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How to make a tiny suburban lot pollinator friendly?

 
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Location: California 10a/9b and Virginia 7a/6b
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Help me learn about pollinators?  I'm interested in making our very small California yard more friendly for pollinators.  Where do we start?  Flowers?  Beehive?  Can you point me to a not-overwhelming link for small scale beginners?

Everyone around here has gardeners and we're more likely to see dead bees in our yard than live ones :(  My kids will run out with spoonfuls of honey for sluggish bees.  I'm worried about pesticide use in the neighborhood, but also feel like I just don't know much on the topic.
 
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I would think a diversity of flowers so you have continual blooms the entire year, or as close to it as possible.

Water access. Like a water trough with rocks they can land on or very shallow edges.

I am not sure if this is an over reaction panic type thing, but i had read that feeding honey they didn't make could bring disease from one hive to another. I have no idea if there is truth to it...
 
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A diversity of all kinds of plants will create a habitat for all kinds of bugs.  So don't just think flowers, but other plants as well, both annual and perennial.  The goal should be larger than just pollinators --- shoot for a biointensive natural environment with all kinds of insects and soil biota.  A garden with 100 different plants growing in profusion will be a magnet for insects.

Insects need places to lay their eggs, shelter during difficult weather, over-winter, and protection from birds and other predators.  Don't clean up every dead plant at the end of the summer growing season, but leave some of the spent plants for them to overwinter.  Mulch (wood chip mulch is garden gold) creates a habitat for ground loving beetles and anthropods.  Letting common garden veggies like carrots and beets, or herbs like dill or basil go to seed provides food for a wide variety of creatures (and seed for yourself for next year's garden).  

When in doubt, plant more diversity.  And comfrey.  They'll show up and stick around if you create a habitat that they are excited to colonize.
 
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I am not sure if this is an over reaction panic type thing, but i had read that feeding honey they didn't make could bring disease from one hive to another. I have no idea if there is truth to it...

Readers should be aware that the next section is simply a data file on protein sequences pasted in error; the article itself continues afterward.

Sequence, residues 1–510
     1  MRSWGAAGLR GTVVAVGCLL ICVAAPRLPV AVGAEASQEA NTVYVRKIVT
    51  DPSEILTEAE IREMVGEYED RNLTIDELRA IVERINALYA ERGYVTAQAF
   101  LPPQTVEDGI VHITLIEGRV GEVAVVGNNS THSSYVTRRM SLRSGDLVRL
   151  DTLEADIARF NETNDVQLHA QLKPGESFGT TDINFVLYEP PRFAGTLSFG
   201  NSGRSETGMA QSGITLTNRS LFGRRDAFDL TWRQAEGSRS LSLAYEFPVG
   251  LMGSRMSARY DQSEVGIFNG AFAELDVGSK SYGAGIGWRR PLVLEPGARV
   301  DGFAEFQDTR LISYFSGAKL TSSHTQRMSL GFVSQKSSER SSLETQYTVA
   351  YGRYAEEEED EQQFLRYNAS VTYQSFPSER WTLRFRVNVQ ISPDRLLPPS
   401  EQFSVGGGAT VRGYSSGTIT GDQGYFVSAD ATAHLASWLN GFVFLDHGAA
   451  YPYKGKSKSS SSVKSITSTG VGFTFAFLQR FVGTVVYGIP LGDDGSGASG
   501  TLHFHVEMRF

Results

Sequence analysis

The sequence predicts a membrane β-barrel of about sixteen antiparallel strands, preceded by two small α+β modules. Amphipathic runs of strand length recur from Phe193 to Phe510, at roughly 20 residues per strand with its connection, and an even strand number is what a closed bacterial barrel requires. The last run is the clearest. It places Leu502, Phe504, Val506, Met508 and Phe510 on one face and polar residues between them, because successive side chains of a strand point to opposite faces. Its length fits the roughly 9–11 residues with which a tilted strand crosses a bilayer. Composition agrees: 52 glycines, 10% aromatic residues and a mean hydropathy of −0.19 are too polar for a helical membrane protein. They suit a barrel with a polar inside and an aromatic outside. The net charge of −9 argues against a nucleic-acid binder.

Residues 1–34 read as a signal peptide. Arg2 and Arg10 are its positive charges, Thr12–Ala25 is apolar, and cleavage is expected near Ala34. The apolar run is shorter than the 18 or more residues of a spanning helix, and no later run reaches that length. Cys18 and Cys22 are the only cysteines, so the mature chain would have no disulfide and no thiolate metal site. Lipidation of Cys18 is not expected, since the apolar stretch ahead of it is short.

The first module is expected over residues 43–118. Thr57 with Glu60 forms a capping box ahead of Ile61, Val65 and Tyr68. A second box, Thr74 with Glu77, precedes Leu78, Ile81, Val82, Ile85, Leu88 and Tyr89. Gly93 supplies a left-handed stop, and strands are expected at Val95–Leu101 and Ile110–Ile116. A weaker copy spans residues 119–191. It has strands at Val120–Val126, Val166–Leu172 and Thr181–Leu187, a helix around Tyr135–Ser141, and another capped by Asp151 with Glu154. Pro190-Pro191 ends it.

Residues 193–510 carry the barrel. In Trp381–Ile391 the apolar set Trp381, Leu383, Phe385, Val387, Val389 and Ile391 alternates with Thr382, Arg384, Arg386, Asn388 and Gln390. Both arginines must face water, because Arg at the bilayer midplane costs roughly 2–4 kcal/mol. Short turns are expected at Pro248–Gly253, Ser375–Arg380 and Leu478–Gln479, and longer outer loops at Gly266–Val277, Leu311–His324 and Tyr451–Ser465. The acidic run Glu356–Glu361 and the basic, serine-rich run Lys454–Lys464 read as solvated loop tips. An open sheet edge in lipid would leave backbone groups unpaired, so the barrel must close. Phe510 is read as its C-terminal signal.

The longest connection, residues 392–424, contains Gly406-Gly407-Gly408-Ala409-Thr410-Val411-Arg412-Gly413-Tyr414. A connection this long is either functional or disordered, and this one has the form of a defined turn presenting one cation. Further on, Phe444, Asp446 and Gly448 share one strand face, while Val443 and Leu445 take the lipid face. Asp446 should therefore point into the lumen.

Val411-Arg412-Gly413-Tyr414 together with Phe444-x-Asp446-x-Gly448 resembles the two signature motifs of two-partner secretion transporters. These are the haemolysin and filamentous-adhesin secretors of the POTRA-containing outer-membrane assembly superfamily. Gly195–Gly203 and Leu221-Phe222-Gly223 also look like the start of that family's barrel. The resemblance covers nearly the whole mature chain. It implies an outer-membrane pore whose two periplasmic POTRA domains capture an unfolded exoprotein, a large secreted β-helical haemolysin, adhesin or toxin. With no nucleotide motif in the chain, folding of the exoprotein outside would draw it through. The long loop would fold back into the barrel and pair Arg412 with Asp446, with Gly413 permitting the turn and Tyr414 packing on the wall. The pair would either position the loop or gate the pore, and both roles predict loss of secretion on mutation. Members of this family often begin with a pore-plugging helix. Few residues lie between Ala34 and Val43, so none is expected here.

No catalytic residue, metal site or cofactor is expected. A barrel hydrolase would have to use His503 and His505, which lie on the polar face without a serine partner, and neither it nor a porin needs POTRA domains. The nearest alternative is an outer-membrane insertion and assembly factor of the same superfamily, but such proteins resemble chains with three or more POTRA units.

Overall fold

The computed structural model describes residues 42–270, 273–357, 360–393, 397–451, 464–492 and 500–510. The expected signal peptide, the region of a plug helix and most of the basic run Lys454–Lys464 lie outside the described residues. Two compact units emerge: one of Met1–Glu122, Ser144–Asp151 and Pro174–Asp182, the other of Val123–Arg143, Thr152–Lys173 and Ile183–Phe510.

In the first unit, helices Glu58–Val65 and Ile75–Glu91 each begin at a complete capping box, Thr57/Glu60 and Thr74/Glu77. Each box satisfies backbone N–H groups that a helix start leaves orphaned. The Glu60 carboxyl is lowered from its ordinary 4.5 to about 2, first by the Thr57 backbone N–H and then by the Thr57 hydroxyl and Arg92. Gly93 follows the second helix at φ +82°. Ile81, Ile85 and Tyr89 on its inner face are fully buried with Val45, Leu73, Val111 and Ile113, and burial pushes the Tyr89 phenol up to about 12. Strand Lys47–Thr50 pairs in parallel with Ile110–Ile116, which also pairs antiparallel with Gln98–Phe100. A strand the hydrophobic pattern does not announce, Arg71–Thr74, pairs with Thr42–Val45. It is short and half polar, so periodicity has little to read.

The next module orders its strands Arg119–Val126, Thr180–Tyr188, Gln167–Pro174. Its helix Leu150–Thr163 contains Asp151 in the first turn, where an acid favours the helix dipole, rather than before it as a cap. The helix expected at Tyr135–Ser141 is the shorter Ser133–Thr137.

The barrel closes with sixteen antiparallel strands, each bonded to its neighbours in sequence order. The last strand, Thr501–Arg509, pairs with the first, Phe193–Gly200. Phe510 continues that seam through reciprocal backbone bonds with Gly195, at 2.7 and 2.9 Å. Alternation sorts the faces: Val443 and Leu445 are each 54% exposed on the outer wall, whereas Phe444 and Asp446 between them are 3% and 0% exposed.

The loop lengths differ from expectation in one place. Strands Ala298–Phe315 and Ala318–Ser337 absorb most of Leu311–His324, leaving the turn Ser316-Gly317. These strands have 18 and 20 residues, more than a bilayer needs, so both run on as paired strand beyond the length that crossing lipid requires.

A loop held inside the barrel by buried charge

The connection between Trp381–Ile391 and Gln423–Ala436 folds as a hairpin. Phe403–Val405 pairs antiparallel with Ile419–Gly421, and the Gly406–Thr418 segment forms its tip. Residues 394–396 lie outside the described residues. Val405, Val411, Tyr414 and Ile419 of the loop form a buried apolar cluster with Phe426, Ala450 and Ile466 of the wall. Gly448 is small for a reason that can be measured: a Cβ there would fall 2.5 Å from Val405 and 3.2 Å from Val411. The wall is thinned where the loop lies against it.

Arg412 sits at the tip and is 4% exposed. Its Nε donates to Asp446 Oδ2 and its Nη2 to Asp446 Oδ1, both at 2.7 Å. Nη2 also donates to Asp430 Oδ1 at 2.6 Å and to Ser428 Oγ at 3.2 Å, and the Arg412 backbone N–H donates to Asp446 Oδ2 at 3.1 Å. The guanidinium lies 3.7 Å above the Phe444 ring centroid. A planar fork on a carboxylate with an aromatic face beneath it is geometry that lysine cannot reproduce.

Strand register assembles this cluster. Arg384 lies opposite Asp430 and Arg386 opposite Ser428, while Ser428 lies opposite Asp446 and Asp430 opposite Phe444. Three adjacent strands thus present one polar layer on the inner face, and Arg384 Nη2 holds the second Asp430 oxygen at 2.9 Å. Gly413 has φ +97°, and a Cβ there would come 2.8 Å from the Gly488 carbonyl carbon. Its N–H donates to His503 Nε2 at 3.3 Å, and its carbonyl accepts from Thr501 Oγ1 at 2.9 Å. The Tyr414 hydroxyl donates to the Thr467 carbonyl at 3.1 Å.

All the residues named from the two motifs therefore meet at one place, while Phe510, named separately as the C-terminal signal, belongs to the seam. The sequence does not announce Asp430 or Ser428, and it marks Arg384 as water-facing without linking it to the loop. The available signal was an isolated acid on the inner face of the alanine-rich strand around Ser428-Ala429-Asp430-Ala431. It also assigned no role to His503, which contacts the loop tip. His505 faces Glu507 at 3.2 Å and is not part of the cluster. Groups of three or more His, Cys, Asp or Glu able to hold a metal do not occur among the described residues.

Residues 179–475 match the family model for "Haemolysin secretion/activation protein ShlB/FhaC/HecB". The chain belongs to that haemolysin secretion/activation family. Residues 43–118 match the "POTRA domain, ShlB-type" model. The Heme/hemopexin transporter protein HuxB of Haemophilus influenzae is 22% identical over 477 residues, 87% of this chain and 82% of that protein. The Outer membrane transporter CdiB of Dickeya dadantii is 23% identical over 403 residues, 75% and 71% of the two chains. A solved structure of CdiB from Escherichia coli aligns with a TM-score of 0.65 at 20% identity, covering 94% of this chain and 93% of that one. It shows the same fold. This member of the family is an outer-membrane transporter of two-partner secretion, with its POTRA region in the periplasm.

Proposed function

It's true. It can spread disease, & depending on quality of the source, poisons. Realistically if there are that many "sluggish" bees to be found it is probably too late for them & there is probably a bigger problem somewhere nearby. Save your honey for toast or pancakes. Or in Wayne's case ... sopapillas!
 
Mike Barkley
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Posts: 2020
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https://xerces.org/pollinator-resource-center/
 
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You could try making a 'Bee Motel' using an empty 20 litre cooking oil drum, old letterbox, etc.

Besides the common European Honey Bee, there are lots of other pollinators like native bees, wasps, flies, etc.

Butterflies and moths usually require host plants.

Creating habitat will encourage critters to stay and breed. A mix of native/introduced ornamental/edible flowering plants will keep them coming.

 
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Thanks for trying to help by planting more flowers.  It so sweet that your kids want to help.

 My kids will run out with spoonfuls of honey for sluggish bees.



Try explaining to your kids that the bees would rather have a bowl of water or some slices of fruit.

This thread might offer some suggestions to answer your question:

https://permies.com/t/93704/critters/Sharing-Pollinators

Any flowering plant will be loved by your pollinators!  Here are some suggestions from that thread:





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